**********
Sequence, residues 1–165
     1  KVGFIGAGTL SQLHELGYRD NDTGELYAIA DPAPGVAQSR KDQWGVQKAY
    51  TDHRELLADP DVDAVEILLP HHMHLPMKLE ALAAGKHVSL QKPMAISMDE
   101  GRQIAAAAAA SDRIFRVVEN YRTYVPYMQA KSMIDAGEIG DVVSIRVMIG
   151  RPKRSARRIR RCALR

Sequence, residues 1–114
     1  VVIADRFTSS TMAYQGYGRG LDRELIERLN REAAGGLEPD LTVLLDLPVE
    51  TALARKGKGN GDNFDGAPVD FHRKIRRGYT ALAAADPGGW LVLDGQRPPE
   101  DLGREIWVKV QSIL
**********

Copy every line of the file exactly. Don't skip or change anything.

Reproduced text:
Sequence, residues 1–165
     1  KVGFIGAGTL SQLHELGYRD NDTGELYAIA DPAPGVAQSR KDQWGVQKAY
    51  TDHRELLADP DVDAVEILLP HHMHLPMKLE ALAAGKHVSL QKPMAISMDE
   101  GRQIAAAAAA SDRIFRVVEN YRTYVPYMQA KSMIDAGEIG DVVSIRVMIG
   151  RPKRSARRIR RCALR

Sequence, residues 1–114
     1  VVIADRFTSS TMAYQGYGRG LDRELIERLN REAAGGLEPD LTVLLDLPVE
    51  TALARKGKGN GDNFDGAPVD FHRKIRRGYT ALAAADPGGW LVLDGQRPPE
   101  DLGREIWVKV QSIL